Though St. Patrick’s Day is still some time away, the Aggies seemed to have luck on their side early in their week’s slate of games.
From a Joe Harden half-court buzzer beater at Seattle to an ambitious halftime score against Hawai’i, UC Davis had flashes of fortune in two non-conference match-ups.
Unfortunately for UC Davis, the Rainbow Warriors prevented the Aggies from reaching the pot of gold on Saturday.
After a loss in Seattle, UC Davis came out flat at the Pavilion for an 83-69 ESPN BracketBuster loss against Hawai’i.
According to coach Gary Stewart, however, it just so happened that UC Davis was competitive for the first 20 minutes.
“We felt like we were lucky to be down one at halftime,” said coach Gary Stewart. “We hadn’t shot any free throws, we didn’t have any offensive rebounds and yet, we had 37 points on the board.”
With one minute left in the first frame, UC Davis closed a 12-point deficit to take the 37-36 lead.
The key to the first-half success was UC Davis’ ability to prevent offensive rebounds for Hawai’i, Stewart said. The Aggies allowed just one offensive board before the intermission.
The Aggies’ luck was tried in the second frame, when the Rainbow Warriors exploded for 10 points in just two minutes to start the half and never looked back.
When asked about his team’s downhill slide, Stewart proposed a theory of two competing tempos on each end of the court.
“There’s offensive rhythm but there’s also there’s defensive rhythm,” Stewart said. “We didn’t have defensive rhythm. We were back on our heels in relationship to where they were putting the ball. They made us think instead of react.”
The Aggies were working with a new zone defense, and according to Harden, they just got lax.
“We lost track of where guys were in the zone,” Harden said. “It’s paying attention to details, sticking to the game plan and [not getting] stagnant in the zone. Hawai’i got more aggressive and we kind of slowed down, which is the exact opposite of what we wanted to do.”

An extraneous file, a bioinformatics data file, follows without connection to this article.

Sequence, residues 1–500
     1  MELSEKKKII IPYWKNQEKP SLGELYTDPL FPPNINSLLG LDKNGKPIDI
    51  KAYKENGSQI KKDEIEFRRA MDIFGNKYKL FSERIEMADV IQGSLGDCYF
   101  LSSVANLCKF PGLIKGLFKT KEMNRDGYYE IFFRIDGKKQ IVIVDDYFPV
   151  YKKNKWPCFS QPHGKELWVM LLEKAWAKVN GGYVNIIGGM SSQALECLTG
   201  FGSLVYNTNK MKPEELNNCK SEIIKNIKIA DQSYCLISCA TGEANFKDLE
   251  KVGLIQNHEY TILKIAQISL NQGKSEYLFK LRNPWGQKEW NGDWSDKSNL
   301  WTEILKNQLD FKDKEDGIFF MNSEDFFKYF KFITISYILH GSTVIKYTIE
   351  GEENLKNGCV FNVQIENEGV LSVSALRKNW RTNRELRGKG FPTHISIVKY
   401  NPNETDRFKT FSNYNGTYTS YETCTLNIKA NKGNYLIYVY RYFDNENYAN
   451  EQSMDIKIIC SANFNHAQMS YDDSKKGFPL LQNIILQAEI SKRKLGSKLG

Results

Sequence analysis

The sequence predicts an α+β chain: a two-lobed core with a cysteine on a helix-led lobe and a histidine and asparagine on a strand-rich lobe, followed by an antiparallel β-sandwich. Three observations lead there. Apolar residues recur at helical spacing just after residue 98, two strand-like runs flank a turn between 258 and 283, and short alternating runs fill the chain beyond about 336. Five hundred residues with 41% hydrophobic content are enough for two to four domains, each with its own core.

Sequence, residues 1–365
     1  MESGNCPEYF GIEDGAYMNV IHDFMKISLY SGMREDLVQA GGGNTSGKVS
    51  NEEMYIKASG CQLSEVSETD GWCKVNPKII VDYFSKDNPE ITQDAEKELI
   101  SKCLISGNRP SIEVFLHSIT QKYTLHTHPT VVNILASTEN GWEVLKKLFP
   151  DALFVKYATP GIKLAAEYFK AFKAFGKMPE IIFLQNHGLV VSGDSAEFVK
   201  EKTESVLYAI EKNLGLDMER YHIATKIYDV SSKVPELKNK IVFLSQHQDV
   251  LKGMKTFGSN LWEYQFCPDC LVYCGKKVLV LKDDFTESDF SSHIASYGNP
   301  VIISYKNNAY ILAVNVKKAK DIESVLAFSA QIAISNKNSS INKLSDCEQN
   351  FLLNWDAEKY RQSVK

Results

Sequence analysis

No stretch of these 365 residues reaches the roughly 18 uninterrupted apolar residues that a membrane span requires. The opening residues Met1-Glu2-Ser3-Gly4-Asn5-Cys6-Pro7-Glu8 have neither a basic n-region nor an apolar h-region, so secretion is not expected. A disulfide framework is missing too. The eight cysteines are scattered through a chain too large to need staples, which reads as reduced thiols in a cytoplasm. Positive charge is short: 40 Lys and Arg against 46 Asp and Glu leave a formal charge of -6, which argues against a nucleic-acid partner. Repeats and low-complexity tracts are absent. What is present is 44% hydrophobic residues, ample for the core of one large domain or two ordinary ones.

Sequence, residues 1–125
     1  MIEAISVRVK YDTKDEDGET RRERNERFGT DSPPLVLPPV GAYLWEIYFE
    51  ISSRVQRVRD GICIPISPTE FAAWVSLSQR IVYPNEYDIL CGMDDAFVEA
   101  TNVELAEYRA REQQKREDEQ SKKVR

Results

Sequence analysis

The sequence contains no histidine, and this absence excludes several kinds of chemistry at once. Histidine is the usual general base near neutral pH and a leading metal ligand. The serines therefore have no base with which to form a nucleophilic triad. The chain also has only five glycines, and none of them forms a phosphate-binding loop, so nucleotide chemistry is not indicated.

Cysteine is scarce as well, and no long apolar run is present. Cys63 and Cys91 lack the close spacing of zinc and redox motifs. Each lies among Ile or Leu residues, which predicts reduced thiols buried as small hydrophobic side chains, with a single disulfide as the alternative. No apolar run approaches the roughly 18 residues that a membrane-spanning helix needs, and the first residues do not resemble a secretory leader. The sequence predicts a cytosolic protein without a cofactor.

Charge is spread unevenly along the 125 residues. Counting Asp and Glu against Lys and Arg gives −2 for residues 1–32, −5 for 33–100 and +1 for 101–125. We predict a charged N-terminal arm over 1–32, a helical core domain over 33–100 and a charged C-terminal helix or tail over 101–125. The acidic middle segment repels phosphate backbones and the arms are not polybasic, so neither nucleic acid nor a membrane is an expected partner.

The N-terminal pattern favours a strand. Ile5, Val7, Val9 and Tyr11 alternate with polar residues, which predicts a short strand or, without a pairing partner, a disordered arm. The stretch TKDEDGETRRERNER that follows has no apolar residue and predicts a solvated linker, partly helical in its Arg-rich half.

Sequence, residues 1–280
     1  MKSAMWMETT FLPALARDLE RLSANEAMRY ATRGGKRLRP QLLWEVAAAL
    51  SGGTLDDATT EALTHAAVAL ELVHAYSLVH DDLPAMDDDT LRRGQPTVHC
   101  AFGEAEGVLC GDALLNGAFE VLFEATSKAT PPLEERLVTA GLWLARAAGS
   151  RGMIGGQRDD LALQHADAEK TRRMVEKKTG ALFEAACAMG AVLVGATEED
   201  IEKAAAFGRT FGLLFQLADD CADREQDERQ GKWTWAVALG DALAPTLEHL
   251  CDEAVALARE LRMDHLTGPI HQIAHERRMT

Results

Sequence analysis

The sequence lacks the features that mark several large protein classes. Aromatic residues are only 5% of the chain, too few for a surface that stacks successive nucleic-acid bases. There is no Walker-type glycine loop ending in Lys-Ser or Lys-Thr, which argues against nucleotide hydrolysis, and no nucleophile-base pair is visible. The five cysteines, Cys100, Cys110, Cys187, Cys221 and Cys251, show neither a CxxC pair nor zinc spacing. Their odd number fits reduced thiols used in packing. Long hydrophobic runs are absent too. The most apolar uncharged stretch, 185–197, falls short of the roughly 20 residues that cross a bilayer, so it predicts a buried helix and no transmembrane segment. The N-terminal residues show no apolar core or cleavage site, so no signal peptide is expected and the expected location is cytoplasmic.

UC Davis’ new zone strategy played a large part in their lack of defensive flow, making it difficult to guard guys like Hawai’i’s Zane Johnson.
The Aggies said the 6-foot-6 guard was simply unbeatable.
“He’s just a really great shooter,” said freshman Josh Ritchart. “He’s got some good size to him, and he can step out to NBA range too. He was able to go off screens and hit it and he was a hard player to stop.”
Johnson put together an 11-of-17 performance from the field, including 9-of-15 from beyond the arc for 32 total points.
Harden led the Aggies offensively, shooting 6-for-13 from the field and 6-of-8 from the foul line for 19 points.
Saturday’s game won’t be the last time that UC Davis faces Hawai’i.
The Rainbow Warriors, currently a member of the Western Athletic Conference, will be joining the Big West Conference in the 2012-2013 campaign.
So despite the loss, the Aggies feel lucky to have played the Rainbow Warriors, as this will be an opportunity to benefit the future of the program.
“It gives us an advantage over the rest of the Big West teams who haven’t faced them,” Ritchart said. “It’s good to see what kind of players we’re going to be facing in the future. The kind of program, the style they run.”
GRACE SPRAGUE can be reached at firstname.lastname@example.org.
Correction – Feb. 23, 2011: The UC Davis men’s basketball team beat Seattle on Feb. 15.